2014 Venice Architecture Biennale – Morocco Pavilion – Hatching by Menis Arquitectos
14th International Architecture Exhibition of the Venice Biennale
The Biennale Architettura 2014 is the most important event of the international architecture scene. Over the course of six months, thousands of professionals – journalists, heads of institutions, public and private clients – participate in exhibitions, conferences, symposiums, and evening events. The 14th edition of the International Architecture Exhibition – la Biennale di Venezia will be curated by Rem Koolhaas. A recipient of the Pritzker Architecture Prize in 2000 and one of the most influential architects of his generation, Rem Koolhaas has chosen to make the next Biennale an event about architecture rather than about architects. By proposing the theme “Fundamentals 1914-2014”, he invites viewers to take a fresh look at the fundamentals of how our profession is practiced. By recounting the cumulative and collective history of the past century, the national pavilion exhibitions will present a vision of the evolution of architecture as a scholarly and cultural practice, between globalization and the impulse to preserve specific identities.
THE PAVILLON OF MOROCCO: FUNDAMENTAL(ISM)S
Entitled “Fundamental(ism)s” in an allusion to the general theme proposed by Rem Koolhaas, the Pavilion of Morocco explores the radical and experimental approaches inspired by the region. In addition to having welcomed the work of international architects, Morocco has above all been a land of exploration, a veritable laboratory for the modern project. Morocco encouraged unique architectural experiments (constructive and material, formal and architectonic, but also domestic and social) that tangibly contributed to the history of architecture. While the country’s very specific historical conditions fostered this development, the Moroccan genius has also consisted in the ability to absorb, digest, and ultimately metabolize the modern project. Perhaps this, too, is part of the Moroccan tradition — a tradition of modernity and radicality, but also of appropriation and integration.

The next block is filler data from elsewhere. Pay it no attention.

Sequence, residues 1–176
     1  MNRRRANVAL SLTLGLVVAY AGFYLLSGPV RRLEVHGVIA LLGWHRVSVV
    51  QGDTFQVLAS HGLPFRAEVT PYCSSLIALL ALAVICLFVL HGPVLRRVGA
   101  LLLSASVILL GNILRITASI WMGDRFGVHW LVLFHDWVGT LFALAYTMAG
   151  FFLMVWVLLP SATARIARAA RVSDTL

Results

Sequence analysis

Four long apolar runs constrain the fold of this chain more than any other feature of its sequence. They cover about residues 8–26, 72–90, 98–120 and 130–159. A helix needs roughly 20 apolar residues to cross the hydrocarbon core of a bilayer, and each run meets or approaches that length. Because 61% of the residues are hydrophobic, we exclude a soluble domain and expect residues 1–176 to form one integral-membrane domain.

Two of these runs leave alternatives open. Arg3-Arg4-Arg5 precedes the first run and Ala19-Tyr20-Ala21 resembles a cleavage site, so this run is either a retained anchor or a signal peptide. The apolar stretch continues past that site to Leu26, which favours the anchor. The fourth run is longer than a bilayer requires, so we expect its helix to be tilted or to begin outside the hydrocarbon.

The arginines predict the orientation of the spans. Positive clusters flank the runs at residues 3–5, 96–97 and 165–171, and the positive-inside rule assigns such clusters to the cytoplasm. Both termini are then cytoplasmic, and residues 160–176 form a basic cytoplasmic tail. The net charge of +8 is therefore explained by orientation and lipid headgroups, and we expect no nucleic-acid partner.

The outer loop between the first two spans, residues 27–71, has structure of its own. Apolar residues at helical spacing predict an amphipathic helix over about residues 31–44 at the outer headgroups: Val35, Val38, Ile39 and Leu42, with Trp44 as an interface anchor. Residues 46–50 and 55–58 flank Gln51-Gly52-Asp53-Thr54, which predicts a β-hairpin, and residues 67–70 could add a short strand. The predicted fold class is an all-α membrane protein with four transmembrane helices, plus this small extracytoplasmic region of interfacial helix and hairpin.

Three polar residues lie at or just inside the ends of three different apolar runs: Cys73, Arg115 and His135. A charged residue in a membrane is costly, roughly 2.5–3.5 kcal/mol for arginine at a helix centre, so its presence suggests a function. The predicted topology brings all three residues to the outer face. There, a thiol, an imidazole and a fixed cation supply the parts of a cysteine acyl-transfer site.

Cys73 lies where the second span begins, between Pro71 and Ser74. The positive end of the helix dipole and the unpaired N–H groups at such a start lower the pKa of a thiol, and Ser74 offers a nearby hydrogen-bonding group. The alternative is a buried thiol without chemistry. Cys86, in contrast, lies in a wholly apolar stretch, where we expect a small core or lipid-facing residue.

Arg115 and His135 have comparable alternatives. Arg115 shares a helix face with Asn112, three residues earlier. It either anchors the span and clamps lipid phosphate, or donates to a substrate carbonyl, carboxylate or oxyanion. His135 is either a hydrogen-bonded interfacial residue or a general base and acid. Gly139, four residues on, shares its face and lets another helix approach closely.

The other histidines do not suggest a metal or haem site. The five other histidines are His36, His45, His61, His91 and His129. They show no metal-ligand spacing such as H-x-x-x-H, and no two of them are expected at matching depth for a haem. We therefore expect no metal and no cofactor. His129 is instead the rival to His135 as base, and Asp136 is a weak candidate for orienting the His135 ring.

The tension between the greater history of Morocco’s architecture and its contemporary output highlights a form of fluidity and continuity that is unique and specific to Morocco. The acclimation of architecture and of the modern project occurred very early on. Quite quickly (beginning in the 1910s), the architectural scene abandoned attempts to adapt the architectural and urban models of the metropolis in favor of inventing new urban and architectural typologies. This desire for integration was born of a fascination for the existing architectural and urban tradition as well as a powerful and collective sense of taking part in a great adventure. To narrate this adventure, the Pavilion of Morocco proposes an exhibition that focuses on the fundamental question of habitation and juxtaposes a historical trajectory of urban housing with Contemporary speculations on inhabitable structures in the desert.
INHABITING THE DESERT
Absent from the architectural discourse in Morocco, the Sahara, with its extreme geography and harsh climactic conditions, remains an unexplored territory for architectural speculation. Reintegrated into the national territory in 1975, the Sahara remains a far-flung, contested area in the eyes of the rest of the world. The unique geography of the Moroccan Sahara and its position as a territory at the “limits”, in a climactic, social, and political sense, demands that architects question how to integrate architectural and infrastructural solutions into such a marginalized territory. In addition to inviting six architects to participate in the pavilion, FADA launched an open competition in Morocco to encourage new talents to emerge. The two co-winners of this competition will also participate in this year’s exhibition.
Hatching by Menis Arquitectos
Molding Nature to Make Life Possible
Symbiosis between the natural energy and the manipulation of the form Hatching is a machine that produces life through:
- Catching the trade winds at great altitudes
- Water condensation from the clouds
- Protection from the warm winds in the lower parts
- Protection from the sun
- Creating interior freshness
Throughout these elements, a microclimate that makes life possible is generated. Read More
Inauguration of Moroccan Pavilion in the Venice Biennial of Architecture
Photos by Mauricio Sauma